Event date:
Feb 25 2022 2:30 pm

Design and synthesis of metal-titania nanomaterials for photocatalytic degradation of organic dyes in wastewater

Dr. Habib ur Rehman
Nimra Hassan
Deans Smart Lab
MS Synopsis defense


Water pollution poses a major threat to the environment. To mitigate the harmful effects of textile effluents on potable water, and flora and fauna ecosystems, various techniques have been developed to treat wastewater before discharging it to the environment.  Among the various approaches developed to treat industrial wastewater (containing organic dyes), dye photocatalytic degradation of industrial effluents has emerged as one of the most favorable methodologies. Photocatalysis is appealing for its inexpensive, eco-friendly, and sustainable potential. Nanoparticles of transition metals, and their oxides are among the most widely used photocatalytic materials for a wide variety of applications. Titania nanoparticles due to their low-cost, good optical properties, tunable bandgap, excellent thermal and chemical stabilities have attracted huge interest for the low-cost photocatalytic water remediation applications. Despite these advantages, however, several challenges remain unsolved before these materials can be extensively used. These include improved visible light absorption, better electron-hole pair separation, and porous nanostructures with high surface areas.  Although, TiO2 NPs are quite effective in degrading organic dyes in wastewaters, however, removal of these particles from the treated water remains an issue for their sustainable use. To overcome these challenges, the synthesis of highly porous Titania nanomaterials decorated with metal nanoparticles showing surface plasmon resonance is being explored.  The main focus of this project is to design photoactive catalysts that possess inherent porosity with high surface area, and charge separation properties for visible-light mediated degradation of dyes in wastewater. We successfully synthesized TiO2 fibers by electrospinning process using PVP (polyvinyl Pyrrolidine) as a binder. The resulting nanofibers were calcined to create desired porosity by burning off the organic binder. These fibers were then decorated with a controlled amount of gold nanoparticles. These composite materials were used to photo catalytically degrade methylene blue dye. Results of the degradation study show that the rate of dye degradation is significantly enhanced by the deposition of gold nanoparticles as compared to that of bare fiber. Enhanced dye degradation by the gold decorated nanomaterials is linked to the enhanced light absorption and lower electron-hole pairs recombination. These materials will be characterized by SEM, BET, TGA, and XRD analysis.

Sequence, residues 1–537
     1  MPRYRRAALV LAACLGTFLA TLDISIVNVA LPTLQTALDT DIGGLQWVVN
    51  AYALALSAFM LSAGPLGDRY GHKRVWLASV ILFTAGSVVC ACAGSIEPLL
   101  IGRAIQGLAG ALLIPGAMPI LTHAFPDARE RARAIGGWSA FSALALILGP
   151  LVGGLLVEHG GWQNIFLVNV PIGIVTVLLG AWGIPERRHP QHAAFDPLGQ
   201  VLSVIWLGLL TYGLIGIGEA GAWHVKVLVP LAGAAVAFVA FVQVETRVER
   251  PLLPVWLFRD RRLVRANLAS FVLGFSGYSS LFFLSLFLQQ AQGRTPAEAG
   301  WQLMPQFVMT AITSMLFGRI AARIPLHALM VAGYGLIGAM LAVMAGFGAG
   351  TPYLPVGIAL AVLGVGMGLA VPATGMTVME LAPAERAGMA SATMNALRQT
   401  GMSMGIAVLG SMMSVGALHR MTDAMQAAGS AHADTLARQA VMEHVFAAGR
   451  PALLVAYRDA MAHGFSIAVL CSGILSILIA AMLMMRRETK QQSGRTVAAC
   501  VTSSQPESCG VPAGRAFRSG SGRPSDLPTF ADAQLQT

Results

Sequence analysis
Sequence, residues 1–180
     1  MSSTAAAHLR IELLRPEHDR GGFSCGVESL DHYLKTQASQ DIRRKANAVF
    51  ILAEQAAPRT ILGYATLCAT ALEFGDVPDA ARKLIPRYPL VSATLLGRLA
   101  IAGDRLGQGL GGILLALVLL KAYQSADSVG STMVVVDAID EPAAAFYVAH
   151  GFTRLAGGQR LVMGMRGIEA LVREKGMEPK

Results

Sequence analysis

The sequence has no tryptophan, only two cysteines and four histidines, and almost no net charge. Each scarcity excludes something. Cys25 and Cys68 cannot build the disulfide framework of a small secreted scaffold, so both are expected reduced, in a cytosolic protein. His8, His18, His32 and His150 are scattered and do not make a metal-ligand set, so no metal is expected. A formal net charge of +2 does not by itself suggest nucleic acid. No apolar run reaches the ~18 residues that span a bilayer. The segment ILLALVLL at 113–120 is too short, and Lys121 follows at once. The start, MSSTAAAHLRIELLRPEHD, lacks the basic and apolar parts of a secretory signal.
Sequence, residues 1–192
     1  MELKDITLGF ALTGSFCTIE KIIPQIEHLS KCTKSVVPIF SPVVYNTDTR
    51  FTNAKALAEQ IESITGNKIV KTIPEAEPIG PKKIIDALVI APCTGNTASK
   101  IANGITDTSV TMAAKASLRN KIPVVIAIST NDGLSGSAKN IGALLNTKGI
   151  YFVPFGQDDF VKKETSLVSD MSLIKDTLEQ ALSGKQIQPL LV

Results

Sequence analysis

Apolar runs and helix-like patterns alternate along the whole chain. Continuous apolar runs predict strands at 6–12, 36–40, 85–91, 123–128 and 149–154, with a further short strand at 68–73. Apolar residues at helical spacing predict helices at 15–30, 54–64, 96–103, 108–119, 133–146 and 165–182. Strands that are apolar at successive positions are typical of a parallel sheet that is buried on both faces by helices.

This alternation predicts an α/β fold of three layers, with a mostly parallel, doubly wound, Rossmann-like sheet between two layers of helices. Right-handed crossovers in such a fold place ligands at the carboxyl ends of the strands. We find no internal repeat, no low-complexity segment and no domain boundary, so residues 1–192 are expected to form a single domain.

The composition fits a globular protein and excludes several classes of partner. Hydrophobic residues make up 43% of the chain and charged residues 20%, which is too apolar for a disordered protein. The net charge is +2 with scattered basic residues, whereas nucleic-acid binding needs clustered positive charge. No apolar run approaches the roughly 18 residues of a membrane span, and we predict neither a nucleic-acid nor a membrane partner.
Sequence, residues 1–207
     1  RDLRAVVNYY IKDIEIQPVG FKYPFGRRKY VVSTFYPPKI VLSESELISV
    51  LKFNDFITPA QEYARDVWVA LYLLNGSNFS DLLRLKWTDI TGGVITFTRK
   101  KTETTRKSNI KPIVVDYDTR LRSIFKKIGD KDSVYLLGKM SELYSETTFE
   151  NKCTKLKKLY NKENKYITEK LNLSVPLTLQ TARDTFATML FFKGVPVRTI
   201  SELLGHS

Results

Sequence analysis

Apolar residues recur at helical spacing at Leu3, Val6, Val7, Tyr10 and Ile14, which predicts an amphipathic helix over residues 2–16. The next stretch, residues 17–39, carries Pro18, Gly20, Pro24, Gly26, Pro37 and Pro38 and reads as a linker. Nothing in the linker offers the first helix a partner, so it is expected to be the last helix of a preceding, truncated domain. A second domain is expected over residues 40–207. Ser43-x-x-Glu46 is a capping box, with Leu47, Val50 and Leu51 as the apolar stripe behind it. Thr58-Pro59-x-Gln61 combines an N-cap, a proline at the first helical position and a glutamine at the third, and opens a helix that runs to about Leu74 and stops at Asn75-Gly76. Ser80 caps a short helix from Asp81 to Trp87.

Thesis Committee

  • Dr. Habib-ur-Rehman (supervisor)
  • Dr. Irshad Hussain (thesis committee member/evaluator)
  • Dr. Muhammad Zaheer (thesis committee member/evaluator)